by Shut the Fuck up Donny
I could write pages about what I love about that movie. I'm glad you brought it to life so other people could see it. <p> I'm not going to say it's a "good" movie, but it totally belongs in the pantheon of Fun Italian Horror from the 70's and 80's. <p> I'll have to watch Demons 2 again, but I never got the impression that part 2 actually took place after the "Demon" apocalypse in the first one. I thought it just went "meta" in the fact that instead of watching a movie in a theatre, there was something coming through the tv, and the movie on tv was actually taking place after the events in the first Demons.
Oct. 31, 2008, 8:21 a.m. CST
I'm fully aware of when Dogme was coined, but if you look at this film with its seemingly all natural lighting, sound recorded in the room with no looping later, giving it that echoey amateurish quality, and minimalist production value I don't see how "different" it is. Just because it wasn't named yet doesn't mean that's not the style. But I don't pretend to be a professor of film styles, so I'm sure there's something in the mis en scene or film stock or something that makes me wrong in calling it dogme, so I apologize for the generalization, but you have to cut me a little slack. It's not like I called it a cinemascope IB Technicolor film that I hated. Trier did start the Dogme movement and this film epitomizes what I hate about the movement, so that's why I lumped them all together.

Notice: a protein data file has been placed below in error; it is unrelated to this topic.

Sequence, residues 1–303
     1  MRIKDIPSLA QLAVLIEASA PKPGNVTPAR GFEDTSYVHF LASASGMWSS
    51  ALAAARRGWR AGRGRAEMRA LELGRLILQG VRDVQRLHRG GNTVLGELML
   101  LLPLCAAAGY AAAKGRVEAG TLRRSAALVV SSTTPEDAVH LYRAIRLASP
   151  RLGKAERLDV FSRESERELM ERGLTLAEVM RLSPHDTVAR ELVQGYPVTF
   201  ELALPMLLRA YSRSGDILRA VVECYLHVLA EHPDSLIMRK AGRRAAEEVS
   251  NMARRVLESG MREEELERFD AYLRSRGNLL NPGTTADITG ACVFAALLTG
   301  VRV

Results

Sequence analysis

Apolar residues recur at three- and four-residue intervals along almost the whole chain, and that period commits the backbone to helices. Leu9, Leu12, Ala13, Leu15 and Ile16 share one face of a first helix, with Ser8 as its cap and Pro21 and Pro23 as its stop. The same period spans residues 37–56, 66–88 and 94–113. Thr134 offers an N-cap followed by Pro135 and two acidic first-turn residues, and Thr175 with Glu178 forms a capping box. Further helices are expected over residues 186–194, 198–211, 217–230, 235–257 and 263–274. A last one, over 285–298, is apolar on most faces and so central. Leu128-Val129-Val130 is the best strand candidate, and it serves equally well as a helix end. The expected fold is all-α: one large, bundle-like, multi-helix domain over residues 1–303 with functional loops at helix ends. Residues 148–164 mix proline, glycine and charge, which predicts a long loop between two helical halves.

Oct. 31, 2008, 8:25 a.m. CST
Demoni 2 does not come close to the badassness of Demoni 1; still fun though.
Oct. 31, 2008, 8:26 a.m. CST
by Grammaton Cleric Binks
Yes, Student Bodies was the the original. As far as Epidemic, I think I'll stick with the original Andromeda Strain. Good work again Quint.
Oct. 31, 2008, 8:35 a.m. CST
I really liked Von Trier's DEAR WENDY, a great underrated flick. Breaking the Waves and Dancer in the Dark are both depressing as hell and effective because of it. Demons - now there's a horror series!